Then one day my mom suggested I start telling people my story. "Maybe it will help you find a way to deal with it and make sense of it all," I remember her saying. It felt really hard to get out of the cloud of chaos that I was in, but deciding to share my story was the first step out of that fog. I started being honest about what was happening, first with myself and then with my son, my family, my friends, and the world.
I started a blog, and it became a connection point, introducing me to other moms whose stories sounded like my own. I found a new sense of belonging, and in time that helped me find my place in the world and a new path forward.
But the grief stays with you. I think there is always some level of regret and sadness for the life you thought you were going to have and the things you can no longer do, and that may stay with you forever. My son is an actor, and when I walk on set with him now and see a producer doing the job I once dreamed of, it definitely hurts. It’s a painful reminder of what might have been, and there is a void from that unfulfilled dream. I also feel that pain when I am unable to be the kind of mom I see others moms being.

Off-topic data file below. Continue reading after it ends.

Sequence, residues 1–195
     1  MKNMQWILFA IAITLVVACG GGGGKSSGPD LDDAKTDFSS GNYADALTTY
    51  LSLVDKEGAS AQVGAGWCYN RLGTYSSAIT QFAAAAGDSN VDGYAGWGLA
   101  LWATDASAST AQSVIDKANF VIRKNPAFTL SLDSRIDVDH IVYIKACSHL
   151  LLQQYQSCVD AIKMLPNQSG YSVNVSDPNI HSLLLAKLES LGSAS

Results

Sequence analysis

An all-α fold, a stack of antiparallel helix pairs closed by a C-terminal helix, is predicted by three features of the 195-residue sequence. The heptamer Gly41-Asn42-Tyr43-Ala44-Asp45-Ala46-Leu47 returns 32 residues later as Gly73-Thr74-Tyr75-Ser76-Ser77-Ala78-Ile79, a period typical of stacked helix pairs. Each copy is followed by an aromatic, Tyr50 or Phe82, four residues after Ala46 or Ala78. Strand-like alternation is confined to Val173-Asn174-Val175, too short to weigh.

I always allow myself to feel those emotions when they come. I just let them wash over me. But I no longer feel trapped by them because I refuse to stay in a place of grief. I realize a much bigger part of me is alive and that is the part I choose to focus on.
There are things this disease has shown me about myself, like a strength I didn’t know I could have. It’s brought many amazing opportunities and people into my life that I am incredibly grateful for. Over time, I think part of my grief has turned into motivation too -- to advocate for others like me, lobby on Capitol Hill, and go back to school, things I am so proud of and would never have done if all this hadn’t happened to me.
Sometimes life forces you to take a detour, give up your old dreams, and find new ones. I am not the person I once imagined I would be. But this is who I am now, and I love my life. I’ve discovered my new normal, and there is a great sense of happiness, peace, and contentment that you find when you refocus in this way. I simply can’t imagine getting this second chance at life and not doing something useful with it.
Brooke Abbott is an IBD advocate and author of the popular blog The Crazy Creole Mommy Chronicles, which tells her life as a single, working mother with an autoimmune disease. She’s also the co-founder of IBDMoms, a resource for moms living with inflammatory bowel disease that you can follow on Instagram. You can also follow Brooke on Facebook, Twitter, and Instagram.